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Deliberative Monetary Valuation and the Evidence for a New Value Theory

  • Clive L. Spash

Economists concerned with validity are combining stated-preference methods with participatory deliberation to address on-going criticism. Deliberative monetary valuation (DMV) uses formal methods of deliberation to express values for environmental change in monetary terms. However, the results have begun to define different realms of value, reflecting pluralism in public concern over environmental change. Reviewing empirical DMV studies evidences a range of issues regarded as external to economics and the validity of its methods, issues which are typically kept at arms length by most environmental economists namely, multiple values, incommensurability and lexicographic preferences, social justice, fairness, and non-human values.

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File URL: http://le.uwpress.org/cgi/reprint/84/3/469
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Article provided by University of Wisconsin Press in its journal Land Economics.

Volume (Year): 84 (2008)
Issue (Month): 3 ()
Pages: 469-488

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Handle: RePEc:uwp:landec:v:84:y:2008:i:3:p:469-488
Contact details of provider: Web page: http://le.uwpress.org/

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  1. Kevin C. Urama & Ian Hodge, 2006. "Participatory Environmental Education and Willingness to Pay for River Basin Management: Empirical Evidence from Nigeria," Land Economics, University of Wisconsin Press, vol. 82(4), pages 542-561.
  2. Wilson, Matthew A. & Howarth, Richard B., 2002. "Discourse-based valuation of ecosystem services: establishing fair outcomes through group deliberation," Ecological Economics, Elsevier, vol. 41(3), pages 431-443, June.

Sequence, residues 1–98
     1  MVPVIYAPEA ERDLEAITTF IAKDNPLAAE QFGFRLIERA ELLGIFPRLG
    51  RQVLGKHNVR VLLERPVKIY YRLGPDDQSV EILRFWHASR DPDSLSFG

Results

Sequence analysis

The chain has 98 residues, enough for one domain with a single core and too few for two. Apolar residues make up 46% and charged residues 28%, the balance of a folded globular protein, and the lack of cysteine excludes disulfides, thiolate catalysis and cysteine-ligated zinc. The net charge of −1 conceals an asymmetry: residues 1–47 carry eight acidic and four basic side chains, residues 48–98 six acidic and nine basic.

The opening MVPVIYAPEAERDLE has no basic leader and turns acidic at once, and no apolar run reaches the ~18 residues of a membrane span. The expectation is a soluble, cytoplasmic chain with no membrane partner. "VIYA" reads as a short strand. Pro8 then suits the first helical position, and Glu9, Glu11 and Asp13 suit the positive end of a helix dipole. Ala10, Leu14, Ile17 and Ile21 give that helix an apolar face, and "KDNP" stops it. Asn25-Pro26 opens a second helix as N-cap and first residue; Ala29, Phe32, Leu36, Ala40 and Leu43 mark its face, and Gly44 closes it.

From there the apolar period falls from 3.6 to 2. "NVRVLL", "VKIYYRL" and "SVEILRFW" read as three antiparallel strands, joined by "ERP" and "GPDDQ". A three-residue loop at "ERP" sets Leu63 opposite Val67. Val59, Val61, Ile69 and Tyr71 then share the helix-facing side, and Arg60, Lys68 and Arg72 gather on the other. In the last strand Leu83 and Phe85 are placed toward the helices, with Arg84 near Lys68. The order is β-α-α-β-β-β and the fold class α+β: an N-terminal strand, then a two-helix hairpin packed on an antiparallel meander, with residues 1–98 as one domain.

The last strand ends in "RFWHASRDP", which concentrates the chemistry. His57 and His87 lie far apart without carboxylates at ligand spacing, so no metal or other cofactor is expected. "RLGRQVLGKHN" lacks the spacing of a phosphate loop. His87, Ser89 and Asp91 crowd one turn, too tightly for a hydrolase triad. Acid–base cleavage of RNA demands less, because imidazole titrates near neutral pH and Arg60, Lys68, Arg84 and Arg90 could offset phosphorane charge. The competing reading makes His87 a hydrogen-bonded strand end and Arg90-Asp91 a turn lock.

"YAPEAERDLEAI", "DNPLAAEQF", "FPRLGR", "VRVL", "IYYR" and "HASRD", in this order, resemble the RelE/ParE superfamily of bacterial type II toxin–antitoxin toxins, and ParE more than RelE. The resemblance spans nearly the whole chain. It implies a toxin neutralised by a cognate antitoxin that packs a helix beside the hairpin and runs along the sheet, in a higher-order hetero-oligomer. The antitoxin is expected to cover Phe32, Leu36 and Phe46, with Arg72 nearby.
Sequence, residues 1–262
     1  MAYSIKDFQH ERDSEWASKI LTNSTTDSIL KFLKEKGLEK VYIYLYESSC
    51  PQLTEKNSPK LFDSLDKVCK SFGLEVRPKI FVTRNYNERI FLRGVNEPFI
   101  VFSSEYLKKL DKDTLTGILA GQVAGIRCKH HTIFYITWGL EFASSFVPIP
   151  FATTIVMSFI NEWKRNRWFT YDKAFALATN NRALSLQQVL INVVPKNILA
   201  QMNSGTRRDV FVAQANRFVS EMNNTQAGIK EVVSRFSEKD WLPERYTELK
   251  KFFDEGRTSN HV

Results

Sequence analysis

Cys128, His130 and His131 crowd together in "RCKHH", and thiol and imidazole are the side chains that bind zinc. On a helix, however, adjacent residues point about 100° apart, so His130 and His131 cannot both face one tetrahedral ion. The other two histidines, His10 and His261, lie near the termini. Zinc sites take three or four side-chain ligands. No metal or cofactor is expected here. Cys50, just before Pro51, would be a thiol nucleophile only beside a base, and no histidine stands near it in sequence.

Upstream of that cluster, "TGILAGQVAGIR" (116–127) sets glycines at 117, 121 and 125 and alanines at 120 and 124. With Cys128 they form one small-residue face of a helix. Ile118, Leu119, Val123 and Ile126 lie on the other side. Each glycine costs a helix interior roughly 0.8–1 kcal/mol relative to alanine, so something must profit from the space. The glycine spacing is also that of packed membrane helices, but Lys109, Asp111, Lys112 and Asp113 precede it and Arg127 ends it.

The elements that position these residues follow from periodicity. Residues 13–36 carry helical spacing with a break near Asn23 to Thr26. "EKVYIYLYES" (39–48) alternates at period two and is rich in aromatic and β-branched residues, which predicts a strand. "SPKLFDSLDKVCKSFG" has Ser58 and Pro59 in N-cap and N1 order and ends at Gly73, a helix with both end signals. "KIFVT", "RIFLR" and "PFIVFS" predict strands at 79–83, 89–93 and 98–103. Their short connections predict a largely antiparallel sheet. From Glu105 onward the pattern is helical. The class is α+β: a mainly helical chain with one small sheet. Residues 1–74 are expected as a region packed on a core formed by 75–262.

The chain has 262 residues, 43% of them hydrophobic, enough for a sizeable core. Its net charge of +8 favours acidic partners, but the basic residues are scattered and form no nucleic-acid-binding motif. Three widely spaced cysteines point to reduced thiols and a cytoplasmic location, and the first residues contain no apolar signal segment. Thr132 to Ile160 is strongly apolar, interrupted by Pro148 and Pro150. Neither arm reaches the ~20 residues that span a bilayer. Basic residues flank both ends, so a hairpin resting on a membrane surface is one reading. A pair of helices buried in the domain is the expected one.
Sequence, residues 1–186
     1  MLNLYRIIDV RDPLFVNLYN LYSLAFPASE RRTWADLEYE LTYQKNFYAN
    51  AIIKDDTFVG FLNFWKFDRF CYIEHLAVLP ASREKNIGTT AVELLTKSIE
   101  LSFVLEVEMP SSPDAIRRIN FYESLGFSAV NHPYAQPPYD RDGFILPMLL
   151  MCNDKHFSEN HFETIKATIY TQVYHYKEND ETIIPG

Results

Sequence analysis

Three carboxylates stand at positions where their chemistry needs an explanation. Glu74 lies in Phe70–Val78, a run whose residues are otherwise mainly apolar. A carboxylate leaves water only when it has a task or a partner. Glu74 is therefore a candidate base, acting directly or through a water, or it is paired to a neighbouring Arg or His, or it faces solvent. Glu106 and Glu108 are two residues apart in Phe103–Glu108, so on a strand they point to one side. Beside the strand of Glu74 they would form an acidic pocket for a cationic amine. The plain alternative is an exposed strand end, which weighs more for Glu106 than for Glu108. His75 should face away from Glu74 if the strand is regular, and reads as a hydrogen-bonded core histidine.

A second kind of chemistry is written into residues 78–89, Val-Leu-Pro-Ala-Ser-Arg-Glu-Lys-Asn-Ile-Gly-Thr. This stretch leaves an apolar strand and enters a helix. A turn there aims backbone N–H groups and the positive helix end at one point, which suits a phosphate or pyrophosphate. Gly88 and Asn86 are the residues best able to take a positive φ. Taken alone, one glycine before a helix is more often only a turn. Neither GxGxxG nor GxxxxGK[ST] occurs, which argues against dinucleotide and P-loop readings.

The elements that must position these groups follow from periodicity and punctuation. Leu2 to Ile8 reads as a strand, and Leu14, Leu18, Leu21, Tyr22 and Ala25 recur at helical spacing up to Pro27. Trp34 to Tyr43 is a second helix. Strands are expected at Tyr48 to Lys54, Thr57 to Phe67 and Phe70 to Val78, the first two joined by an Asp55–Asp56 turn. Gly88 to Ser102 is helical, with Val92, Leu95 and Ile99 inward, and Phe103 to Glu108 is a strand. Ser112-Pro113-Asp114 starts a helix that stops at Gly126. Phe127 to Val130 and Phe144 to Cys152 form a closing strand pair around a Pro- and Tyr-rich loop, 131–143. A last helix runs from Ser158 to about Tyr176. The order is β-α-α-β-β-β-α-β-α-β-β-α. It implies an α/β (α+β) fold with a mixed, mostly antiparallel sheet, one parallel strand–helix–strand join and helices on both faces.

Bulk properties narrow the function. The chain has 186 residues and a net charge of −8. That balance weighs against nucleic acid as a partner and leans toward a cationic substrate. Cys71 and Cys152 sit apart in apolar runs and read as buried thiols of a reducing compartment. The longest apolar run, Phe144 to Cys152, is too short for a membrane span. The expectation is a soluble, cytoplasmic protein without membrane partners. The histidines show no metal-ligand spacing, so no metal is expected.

3. Federico Aguilera-Klink & Juan S�nchez-Garc�a, 2002. "Social participation, institutional change, and land property in the building up of sustainability: a case study of land-use conflict in Tenerife (Canary Islands)," Environment and Planning C: Government and Policy, Pion Ltd, London, vol. 20(4), pages 593-612, August.
  4. Spash, Clive L. & Vatn, Arild, 2006. "Transferring environmental value estimates: Issues and alternatives," Ecological Economics, Elsevier, vol. 60(2), pages 379-388, December.
  5. Spash, Clive L. & Hanley, Nick, 1995. "Preferences, information and biodiversity preservation," Ecological Economics, Elsevier, vol. 12(3), pages 191-208, March.
  6. repec:env:journl:ev3:ev319 is not listed on IDEAS
  7. repec:env:journl:ev8:ev817 is not listed on IDEAS
  8. MacMillan, Douglas & Hanley, Nick & Lienhoop, Nele, 2006. "Contingent valuation: Environmental polling or preference engine?," Ecological Economics, Elsevier, vol. 60(1), pages 299-307, November.
  9. repec:env:journl:ev15:ev1501 is not listed on IDEAS
  10. Sagoff, M., 1998. "Aggregation and deliberation in valuing environmental public goods:: A look beyond contingent pricing," Ecological Economics, Elsevier, vol. 24(2-3), pages 213-230, February.
  11. Gregory, Robin & Wellman, Katharine, 2001. "Bringing stakeholder values into environmental policy choices: a community-based estuary case study," Ecological Economics, Elsevier, vol. 39(1), pages 37-52, October.
  12. Richard B. Howarth & Matthew A. Wilson, 2006. "A Theoretical Approach to Deliberative Valuation: Aggregation by Mutual Consent," Land Economics, University of Wisconsin Press, vol. 82(1), pages 1-16.
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